A new SELVA study highlights the importance of stopover sites in determining the outcome of migration
How birds migrate is one of the most intriguing and difficult to answer questions in ornithology. Recent technological advances are beginning to shed light on this question, as illustrated by a study by SELVA researchers published in Scientific Reports this week. Gray-cheeked Thrushes fitted with miniature radio-transmitters, known as nano-tags, were tracked from Colombia to North America through an array of automated receivers, revealing remarkable 3000 km non-stop flights but also showing that the time taken to migrate is directly related to the conditions birds experienced in Colombia.
“The behavior of migrating birds has always been really difficult to study and so stopover sites do not figure highly in conservation strategies, but we wanted to change that” says lead author, PhD student and SELVA researcher Camila Gómez, “new research techniques now make it possible to understand how the conditions encountered by birds along the way affect the duration and length of subsequent migratory flights”.
The Motus Wildlife Tracking System consists of more than 300 automated receiving stations that record signals from tiny radio-transmitters, making it possible to track individual birds across continents with great precision. In the past researchers had to chase birds with a handheld receiver, such that birds could only be tracked over distances rarely exceeding 100 km, or recapture birds to retrieve information from data loggers.
A multi-institution team from three countries including Camila Gómez and Daniel Cadena (Universidad de los Andes), Ryan Norris (Guelph University), Keith Hobson (Environment and Climate Change Canada), Phil Taylor (Acadia University), Stuart Mackenzie (Bird Studies Canada), Nick Bayly (SELVA), and Ken Rosenberg (Cornell Lab of Ornithology) used the Motus system to track 97 Gray-cheeked Thrushes after leaving an intensively studied stopover site in the Sierra Nevada de Santa Marta, an isolated mountain on Colombia’s Caribbean coast.
Nick Bayly, co-author and manager of SELVA’s migratory species research area, could not believe it when he got the first detections of birds tagged in Colombia from North America, “we already knew that Gray-cheeked Thrush left Colombia with enough fuel to make it to North America (link) but that doesn’t mean they would do it in one direct flight. When we received news of a bird that flew 3,255 km from Colombia to Indiana in just 3.3 days, we thought there must be an error in the data. We kept thinking, why wouldn’t the bird stop further south but it seems that if birds have enough fuel and flight conditions are good, they just keep going, flying day and night”.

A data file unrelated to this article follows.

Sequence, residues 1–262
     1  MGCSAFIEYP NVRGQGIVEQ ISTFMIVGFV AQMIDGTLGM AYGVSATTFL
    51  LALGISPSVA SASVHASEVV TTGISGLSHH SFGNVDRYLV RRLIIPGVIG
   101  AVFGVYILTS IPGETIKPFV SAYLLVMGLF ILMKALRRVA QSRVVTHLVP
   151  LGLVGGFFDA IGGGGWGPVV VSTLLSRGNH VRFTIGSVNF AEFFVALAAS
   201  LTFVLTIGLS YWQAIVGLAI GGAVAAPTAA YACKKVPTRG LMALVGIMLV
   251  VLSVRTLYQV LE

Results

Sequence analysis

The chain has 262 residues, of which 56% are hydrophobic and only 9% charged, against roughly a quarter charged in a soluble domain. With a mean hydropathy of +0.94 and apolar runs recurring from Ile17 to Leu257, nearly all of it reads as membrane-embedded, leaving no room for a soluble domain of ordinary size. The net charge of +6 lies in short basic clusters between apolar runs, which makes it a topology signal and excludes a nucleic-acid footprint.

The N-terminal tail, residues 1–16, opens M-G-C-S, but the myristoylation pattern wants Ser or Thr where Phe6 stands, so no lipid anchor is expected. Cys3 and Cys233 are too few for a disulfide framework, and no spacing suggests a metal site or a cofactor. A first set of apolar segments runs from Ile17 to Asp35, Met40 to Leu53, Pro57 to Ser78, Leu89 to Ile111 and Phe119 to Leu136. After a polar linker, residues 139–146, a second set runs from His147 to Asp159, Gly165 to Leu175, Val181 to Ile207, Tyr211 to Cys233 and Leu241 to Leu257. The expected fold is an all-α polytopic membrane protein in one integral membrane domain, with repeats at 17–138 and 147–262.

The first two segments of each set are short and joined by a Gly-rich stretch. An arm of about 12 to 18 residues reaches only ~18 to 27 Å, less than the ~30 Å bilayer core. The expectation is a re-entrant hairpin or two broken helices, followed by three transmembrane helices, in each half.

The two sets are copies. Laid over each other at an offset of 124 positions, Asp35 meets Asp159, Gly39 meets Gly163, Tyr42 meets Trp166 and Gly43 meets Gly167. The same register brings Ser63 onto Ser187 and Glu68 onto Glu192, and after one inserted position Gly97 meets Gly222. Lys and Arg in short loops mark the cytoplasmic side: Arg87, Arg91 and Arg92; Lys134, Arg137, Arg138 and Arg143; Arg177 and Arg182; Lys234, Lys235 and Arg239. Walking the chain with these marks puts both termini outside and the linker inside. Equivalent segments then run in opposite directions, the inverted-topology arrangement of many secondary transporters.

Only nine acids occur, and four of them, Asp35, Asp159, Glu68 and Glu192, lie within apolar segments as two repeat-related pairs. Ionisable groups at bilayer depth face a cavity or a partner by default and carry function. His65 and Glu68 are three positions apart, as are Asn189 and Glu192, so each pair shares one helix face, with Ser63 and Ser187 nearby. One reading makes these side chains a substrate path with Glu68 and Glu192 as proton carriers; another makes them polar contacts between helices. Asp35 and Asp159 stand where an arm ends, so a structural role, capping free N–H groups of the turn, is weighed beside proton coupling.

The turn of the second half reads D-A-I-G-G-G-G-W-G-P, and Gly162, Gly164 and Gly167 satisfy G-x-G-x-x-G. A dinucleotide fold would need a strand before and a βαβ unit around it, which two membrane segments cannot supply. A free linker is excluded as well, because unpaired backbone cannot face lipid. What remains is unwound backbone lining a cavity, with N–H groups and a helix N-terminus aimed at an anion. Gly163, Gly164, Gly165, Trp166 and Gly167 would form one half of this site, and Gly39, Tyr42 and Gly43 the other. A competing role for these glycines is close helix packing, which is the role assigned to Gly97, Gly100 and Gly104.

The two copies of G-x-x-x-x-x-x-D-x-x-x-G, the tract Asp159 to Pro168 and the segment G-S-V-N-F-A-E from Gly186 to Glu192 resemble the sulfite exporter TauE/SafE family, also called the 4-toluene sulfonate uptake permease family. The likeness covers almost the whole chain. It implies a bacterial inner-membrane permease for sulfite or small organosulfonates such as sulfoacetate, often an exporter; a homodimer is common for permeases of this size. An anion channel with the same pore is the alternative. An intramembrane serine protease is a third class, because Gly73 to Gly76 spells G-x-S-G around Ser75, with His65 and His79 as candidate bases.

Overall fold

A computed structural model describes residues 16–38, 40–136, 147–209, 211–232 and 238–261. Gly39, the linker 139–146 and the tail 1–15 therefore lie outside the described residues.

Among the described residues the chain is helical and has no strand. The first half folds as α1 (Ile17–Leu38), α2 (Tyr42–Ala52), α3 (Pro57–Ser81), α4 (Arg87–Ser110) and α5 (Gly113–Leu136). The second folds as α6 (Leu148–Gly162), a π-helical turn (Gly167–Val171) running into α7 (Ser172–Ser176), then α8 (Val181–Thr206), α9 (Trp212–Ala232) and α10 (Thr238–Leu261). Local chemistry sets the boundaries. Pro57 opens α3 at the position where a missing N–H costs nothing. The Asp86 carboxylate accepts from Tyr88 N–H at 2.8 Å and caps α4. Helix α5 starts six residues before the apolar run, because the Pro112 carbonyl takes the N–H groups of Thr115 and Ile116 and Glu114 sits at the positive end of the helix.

Stu Mackenzie, director of Motus, responding to the news of the first long-distance non-stop flights in 2015 wrote, “if these figures are right, they are freaking AMAZEBALLS”, which goes someway to emphasizing just how remarkable and game-changing these data were.
Ken Rosenberg from the Cornell Lab of Ornithology, who has supported SELVA’s work on migratory birds since 2010, highlights what this means for the conservation of migratory birds, “we used to think that landbirds used lots of stopover sites along the length of their migration route to complete their migration but this does not seem to be the case and for species like the Gray-cheeked Thrush, the Sierra Nevada de Santa Marta in Colombia is the equivalent of what Delaware Bay is to Red Knots”. For Cornell, this kind of information is vital to determining conservation priorities for Neotropical migratory birds at all stages of their complex life cycles. “This study not only highlights how important the Sierra Nevada de Santa Marta is for the migration of Gray-checked Thrush”, says Ken Rosenberg, “but also the urgent need to determine where other species are stopping over”.
“We really wanted to know how habitat loss or the use of different habitats might affect the success of migration”, says Camila Gómez, who is completing her PhD under the supervision of Daniel Cadena at the Universidad de los Andes in Colombia, “and showing that birds attaining smaller fuel reserves took up to 30 days longer to migrate to Ontario than birds leaving Colombia with large reserves, was a major breakthrough”. This means that if birds lose key habitats or food availability goes down because of habitat degradation, they will take longer to migrate, which could set in motion a chain reaction of events such as reduced breeding success. It could also mean more mortality, if birds attempt to “catch up”, taking desperate measures such as crossing large bodies of water, like the Gulf of Mexico, without emergency energy reserves. “These types of carry-over effects have been very challenging to study in the wild but they can have large impacts on both individual success as well as the abundance of populations” says co-author Ryan Norris.
Aside from revealing details about the biology of a little-known species which are important for conservation, “this study exemplifies that understanding the life cycles of migratory birds requires extensive cross-disciplinary collaboration among scientists” says Daniel Cadena, “our work involved researchers from seven institutions in three different countries”. He added that, “there are still many open questions about the connectivity between populations of Gray-cheeked Thrush and about the influence of events occurring in different phases of the annual cycle, affecting migratory strategies and population dynamics. We hope to solve some of the outstanding questions through ongoing analyses integrating the tracking data presented in this study with data generated using other tools including molecular genetic data and stable-isotope analyses”.